Picture: Stock image – As such, the war in Ukraine seems to have brought North Korea and Russia closer, especially as they find themselves under US-imposed economic and diplomatic sanctions, writes the author.
By Dr Sizo Nkala
There has been a marked increase in diplomatic intensity between China, Russia and North Korea in the recent past in response to rapidly shifting geopolitical dynamics.
It began with a symbolical, yet powerful, gesture when the leader of North Korea, Kim Jong Un, sent new year’s cards to the leaders of eight countries including China and Russia in January. In March, China’s President Xi Jinping conducted a state visit to Russia where the two parties committed to stand with each other. They signed a range of economic and security agreements, notably the use of national currencies in trade and China’s oil imports from Russia.
In July, Russia’s Minister of Defence Sergei Shogun and a Chinese member of the all-powerful Communist Party of China who all also serves as the Vice Premier, Li Hongzhong, attended the commemoration of the 70th anniversary of the end of the Korean War. During their visit, Kim treated them to a military parade showcasing his country’s impressive weapons inventory including unmanned aircraft, sub-marine launched ballistic missiles and strategic cruise missiles.
It is reported that Russia’s Shogun suggested the holding of a naval military exercise involving the three countries (Russia, China and North Korea), ostensibly as a response to the US, Japan and South Korea’s trilateral exercises.
Russia and China also accepted invitations to the 75th anniversary celebrations of the founding of North Korea on September 9. From September 12 to 17, Kim visited Russia. His itinerary included meeting his counterpart, President Vladmir Putin, and touring Russia’s military sites.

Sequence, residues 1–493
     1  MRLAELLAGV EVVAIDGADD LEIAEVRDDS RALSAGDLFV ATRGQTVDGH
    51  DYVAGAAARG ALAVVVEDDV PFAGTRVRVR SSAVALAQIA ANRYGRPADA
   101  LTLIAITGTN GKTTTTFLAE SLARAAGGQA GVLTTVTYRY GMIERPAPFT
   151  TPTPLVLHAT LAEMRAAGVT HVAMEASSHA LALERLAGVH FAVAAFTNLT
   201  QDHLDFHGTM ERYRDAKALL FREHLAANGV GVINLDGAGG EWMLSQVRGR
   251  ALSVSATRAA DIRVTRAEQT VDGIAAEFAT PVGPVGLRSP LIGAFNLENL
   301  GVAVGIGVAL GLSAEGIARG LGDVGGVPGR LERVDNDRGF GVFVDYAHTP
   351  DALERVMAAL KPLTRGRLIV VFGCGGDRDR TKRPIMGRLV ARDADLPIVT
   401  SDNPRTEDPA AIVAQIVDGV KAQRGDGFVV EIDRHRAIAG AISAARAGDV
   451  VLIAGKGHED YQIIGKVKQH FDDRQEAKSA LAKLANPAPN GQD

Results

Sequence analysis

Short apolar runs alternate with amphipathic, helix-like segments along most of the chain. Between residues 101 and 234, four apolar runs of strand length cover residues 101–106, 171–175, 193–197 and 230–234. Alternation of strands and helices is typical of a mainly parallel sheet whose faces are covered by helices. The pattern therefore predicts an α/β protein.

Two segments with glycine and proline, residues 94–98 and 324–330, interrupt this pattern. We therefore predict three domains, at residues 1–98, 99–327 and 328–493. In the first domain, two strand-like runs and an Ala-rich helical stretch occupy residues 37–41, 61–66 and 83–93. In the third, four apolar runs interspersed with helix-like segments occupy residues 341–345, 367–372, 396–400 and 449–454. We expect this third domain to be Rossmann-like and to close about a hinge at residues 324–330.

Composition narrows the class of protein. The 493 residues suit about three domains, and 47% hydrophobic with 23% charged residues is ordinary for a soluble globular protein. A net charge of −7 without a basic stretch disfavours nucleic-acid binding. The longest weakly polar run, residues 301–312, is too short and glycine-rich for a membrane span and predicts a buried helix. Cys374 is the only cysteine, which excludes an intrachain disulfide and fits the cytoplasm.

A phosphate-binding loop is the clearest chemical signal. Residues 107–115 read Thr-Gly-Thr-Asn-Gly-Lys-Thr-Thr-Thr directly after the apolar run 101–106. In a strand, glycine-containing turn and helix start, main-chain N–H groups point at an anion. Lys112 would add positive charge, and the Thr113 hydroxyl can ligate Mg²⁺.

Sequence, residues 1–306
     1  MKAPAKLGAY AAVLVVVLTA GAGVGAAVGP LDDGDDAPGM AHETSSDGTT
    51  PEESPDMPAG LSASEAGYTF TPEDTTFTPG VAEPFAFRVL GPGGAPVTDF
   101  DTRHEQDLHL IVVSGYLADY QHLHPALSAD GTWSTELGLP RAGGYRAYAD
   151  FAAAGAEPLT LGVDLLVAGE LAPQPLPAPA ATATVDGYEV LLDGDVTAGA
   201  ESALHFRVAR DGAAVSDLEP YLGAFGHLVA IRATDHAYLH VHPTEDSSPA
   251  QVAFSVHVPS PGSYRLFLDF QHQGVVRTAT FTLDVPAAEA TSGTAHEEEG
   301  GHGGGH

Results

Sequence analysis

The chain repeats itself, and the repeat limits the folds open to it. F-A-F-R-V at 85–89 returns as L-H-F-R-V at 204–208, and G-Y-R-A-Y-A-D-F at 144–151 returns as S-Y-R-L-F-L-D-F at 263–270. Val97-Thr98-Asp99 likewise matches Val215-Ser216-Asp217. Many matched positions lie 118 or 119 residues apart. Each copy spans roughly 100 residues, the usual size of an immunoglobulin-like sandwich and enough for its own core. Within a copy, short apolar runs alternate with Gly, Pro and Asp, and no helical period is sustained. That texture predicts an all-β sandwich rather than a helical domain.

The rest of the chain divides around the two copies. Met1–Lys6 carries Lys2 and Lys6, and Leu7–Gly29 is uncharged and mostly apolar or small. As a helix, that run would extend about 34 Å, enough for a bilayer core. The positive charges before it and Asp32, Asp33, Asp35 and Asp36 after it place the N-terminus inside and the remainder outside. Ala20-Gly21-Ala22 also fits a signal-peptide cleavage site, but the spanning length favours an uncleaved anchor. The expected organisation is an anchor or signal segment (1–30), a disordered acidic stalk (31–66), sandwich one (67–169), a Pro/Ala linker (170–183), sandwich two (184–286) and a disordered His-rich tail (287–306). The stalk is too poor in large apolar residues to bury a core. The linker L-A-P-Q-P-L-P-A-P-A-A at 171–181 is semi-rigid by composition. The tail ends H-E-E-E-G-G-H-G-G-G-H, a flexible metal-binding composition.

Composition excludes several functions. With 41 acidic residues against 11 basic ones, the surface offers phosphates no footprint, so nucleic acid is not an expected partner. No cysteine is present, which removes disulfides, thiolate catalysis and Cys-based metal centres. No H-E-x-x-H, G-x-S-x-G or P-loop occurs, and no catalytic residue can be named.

A day after Kim concluded his visit in Russia, China’s foreign minister found his way to Russia where he met the Putin and his counterpart, Russian Foreign Minister Sergei Lavrov. During their meetings, they professed their countries’ commitment to a multipolar world.
Putin is set to visit China for the Belt and Road Forum in October. This after Putin could not attend the BRICS meeting in South Africa in August because of the International Criminal Court’s warrant of arrest for him. This says a lot about China’s willingness to resist calls to isolate Russia. The frequency of the diplomatic interactions has been characterised by many as akin to a reincarnation or a rebirth of the strategic tripartite alliance formed during the Korean War of 1950 to 1953.
The three countries need the alliance to undermine and blunt the US and the West’s hostility towards their respective governments. Since 2018, the US has been engaged in a trade war with China while identifying the country as a strategic threat. In a bid to contain China, the US has been cultivating alliances with Indo-Pacific powers including Australia, the UKand the US, the Quadrilateral Security Dialogue (Quad) with India, Japan, Australia and the USm which China contemptuously dismissed as an Asian Nato, and the so-called Camp David commitments with Japan and South Korea to hold trilateral naval exercises in the Indo-Pacific.